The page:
Most commercial space is rented on a "triple net" basis (often called NNN). This means that the tenants of the units share ALL costs for maintenance, water, outside lighting, management fees, etc. This can really add up. For example, if the landlord decides the parking lot needs re-paving or the building painting, you are stuck for you proportion of the costs (even if you don't think it needed to be done).
Currently, my 1536 square foot place costs about 1100 a month (seattle area) and the NNN is another couple of hundred a month. This may give you an idea of the costs of commercial space in a fairly large metropolitan area.
Oh yea...one of the most common lawsuits is broken business leases. Don't expect to back out of a lease early in the commercial end without getting nailed.
I would avoid true commercial space and see if there is someone willing to lease "barn" space or something similar. The other option is to shop around for someone who actually owns the space and uses most for their own business. They may have some surplus space they can rent you with fewer problems.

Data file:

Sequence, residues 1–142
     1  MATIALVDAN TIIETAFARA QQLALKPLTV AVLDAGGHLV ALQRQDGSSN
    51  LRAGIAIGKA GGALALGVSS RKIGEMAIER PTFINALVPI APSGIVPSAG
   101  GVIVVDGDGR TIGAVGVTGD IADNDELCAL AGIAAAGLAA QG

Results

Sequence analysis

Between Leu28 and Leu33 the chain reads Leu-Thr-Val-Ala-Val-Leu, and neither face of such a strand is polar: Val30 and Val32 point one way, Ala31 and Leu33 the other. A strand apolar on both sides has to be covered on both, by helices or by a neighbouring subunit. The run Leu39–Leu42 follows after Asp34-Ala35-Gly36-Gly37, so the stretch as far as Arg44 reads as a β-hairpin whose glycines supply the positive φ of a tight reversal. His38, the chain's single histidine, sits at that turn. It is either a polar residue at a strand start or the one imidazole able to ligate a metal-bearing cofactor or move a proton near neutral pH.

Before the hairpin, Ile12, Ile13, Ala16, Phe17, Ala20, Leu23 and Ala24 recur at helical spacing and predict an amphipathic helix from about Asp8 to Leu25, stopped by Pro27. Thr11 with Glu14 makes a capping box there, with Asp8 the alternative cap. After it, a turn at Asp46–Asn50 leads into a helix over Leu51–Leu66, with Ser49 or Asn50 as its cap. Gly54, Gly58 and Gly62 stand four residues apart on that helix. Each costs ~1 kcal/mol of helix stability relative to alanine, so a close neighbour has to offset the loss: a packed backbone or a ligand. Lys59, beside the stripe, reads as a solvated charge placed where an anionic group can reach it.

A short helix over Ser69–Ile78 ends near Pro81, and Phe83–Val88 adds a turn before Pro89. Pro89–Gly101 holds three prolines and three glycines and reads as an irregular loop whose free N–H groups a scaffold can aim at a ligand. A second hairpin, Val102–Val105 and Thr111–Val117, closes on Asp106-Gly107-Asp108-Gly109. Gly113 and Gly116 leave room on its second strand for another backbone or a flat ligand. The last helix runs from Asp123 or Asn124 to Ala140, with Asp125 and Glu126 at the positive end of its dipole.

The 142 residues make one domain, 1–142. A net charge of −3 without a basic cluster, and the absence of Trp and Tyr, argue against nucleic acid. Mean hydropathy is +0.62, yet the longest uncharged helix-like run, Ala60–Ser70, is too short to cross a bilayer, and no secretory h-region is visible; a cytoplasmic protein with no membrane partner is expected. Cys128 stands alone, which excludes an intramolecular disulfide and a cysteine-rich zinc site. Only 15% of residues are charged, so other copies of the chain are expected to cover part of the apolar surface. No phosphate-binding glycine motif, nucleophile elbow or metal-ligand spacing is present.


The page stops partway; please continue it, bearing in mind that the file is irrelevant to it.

Koz
AL wrote:

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You won't see it in prime space, but a lot of smaller old building it is readily available. I know of some wee to week and partial month renters. Depends on location and the economy Ed
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wrote:

I've done this with many, many bands, but not woodworking. I don't see why it would be all that different with woodworking.
Tips: Talk to some commercial realtors. They often have empty space that they'll rent cheap if you'll vacate it quickly, if necessary, and not require a lease. Paying in cash can help as well. <G>
GET INSURANCE! It counts for a lot with the folks above.